According to a recent USA Today article, US Airways plans to open up advertising opportunities on its air-sickness bags.
I realize airlines are trying to squeeze every penny they can in this new age of thinner margins and increasing competition. But you either have to be really, really bored and out of reading material to want to pick up the barf bag to read an ad, or you have to be really sick, at which point you probably won’t want to read. And even if, while gagging and heaving, you decide to skim over the content of the ad (isn’t reading one of the things that enhances motion sickness?), does that really create a positive association for the advertiser?
Here is an image of one ad on an air-sickness bag. Would you really take this and then turn in your barf bag when you go to get your photos processed? You’d have to qualify that “I didn’t use this.”
I’ve only seen (seen, heard, smelled) one instance of sickness on an airplane. It involved a mother AND her two children and it was not pretty. Interestingly enough, they never even got to the bags – so had there been an advertising message on the bag, it would have missed completely.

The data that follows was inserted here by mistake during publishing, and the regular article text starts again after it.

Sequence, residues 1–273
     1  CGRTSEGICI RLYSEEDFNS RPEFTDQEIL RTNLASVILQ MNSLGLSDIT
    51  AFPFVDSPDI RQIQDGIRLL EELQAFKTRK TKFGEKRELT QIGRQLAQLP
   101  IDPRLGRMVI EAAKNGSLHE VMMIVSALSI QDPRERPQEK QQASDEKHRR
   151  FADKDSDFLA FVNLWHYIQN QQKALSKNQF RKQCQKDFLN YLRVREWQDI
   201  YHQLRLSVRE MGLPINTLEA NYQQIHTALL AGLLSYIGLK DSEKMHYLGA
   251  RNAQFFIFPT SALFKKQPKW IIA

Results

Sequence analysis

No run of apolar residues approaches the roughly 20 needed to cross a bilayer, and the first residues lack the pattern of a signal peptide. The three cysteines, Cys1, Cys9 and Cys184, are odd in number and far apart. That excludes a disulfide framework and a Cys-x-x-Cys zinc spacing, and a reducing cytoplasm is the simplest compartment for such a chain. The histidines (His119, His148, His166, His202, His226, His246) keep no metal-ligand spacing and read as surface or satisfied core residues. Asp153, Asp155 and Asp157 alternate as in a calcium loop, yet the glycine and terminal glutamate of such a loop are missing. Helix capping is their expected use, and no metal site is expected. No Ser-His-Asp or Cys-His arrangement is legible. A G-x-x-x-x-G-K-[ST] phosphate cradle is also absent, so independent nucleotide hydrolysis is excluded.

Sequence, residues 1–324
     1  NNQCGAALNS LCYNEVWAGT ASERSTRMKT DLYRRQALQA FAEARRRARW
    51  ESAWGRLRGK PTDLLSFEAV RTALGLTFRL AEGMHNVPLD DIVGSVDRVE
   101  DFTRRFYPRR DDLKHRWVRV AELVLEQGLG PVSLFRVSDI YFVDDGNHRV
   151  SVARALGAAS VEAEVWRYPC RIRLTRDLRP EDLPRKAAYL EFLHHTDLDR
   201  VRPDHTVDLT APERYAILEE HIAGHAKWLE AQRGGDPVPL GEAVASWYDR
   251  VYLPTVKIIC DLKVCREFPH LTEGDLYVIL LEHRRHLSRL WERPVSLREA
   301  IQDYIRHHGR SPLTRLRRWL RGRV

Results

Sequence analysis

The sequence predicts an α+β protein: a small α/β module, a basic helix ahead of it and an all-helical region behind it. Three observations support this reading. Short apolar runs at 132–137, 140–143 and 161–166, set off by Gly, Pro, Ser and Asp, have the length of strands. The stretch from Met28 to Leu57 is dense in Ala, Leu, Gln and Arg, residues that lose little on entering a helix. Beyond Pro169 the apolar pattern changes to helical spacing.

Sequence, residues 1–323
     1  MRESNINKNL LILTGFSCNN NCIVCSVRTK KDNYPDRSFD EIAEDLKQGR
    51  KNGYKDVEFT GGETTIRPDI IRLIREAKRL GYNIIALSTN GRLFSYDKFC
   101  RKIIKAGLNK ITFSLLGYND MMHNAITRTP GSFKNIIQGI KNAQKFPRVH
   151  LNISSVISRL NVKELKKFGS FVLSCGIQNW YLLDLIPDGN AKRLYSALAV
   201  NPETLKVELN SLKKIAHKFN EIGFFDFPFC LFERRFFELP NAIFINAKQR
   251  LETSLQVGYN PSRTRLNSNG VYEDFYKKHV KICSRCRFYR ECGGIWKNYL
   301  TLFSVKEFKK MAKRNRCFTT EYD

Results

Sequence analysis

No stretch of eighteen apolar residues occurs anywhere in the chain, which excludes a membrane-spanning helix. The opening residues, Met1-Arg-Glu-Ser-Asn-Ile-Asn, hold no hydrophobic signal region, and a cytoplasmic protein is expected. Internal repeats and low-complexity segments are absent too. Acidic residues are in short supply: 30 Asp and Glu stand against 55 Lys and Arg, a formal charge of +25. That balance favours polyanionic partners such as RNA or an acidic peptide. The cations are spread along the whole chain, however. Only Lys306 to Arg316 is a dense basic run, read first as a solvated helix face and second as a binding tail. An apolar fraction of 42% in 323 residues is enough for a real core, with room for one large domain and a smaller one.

On the other hand, maybe it opens up a creative advertising opportunity for darbyDarnit. Here’s what my ad would read:
“We know how you feel. Maybe you should switch PR firms.”
The airlines ought to look at successful advertising models, like Google’s. Google delivers targeted, relevant and unobtrusive ads based on the searches of site visitors.
As someone who works in the PR/marketing/advertising arena, I for one will be checking barf bags on every flight just to see who is advertising and whether there are strategic fits. But the real question is, will you?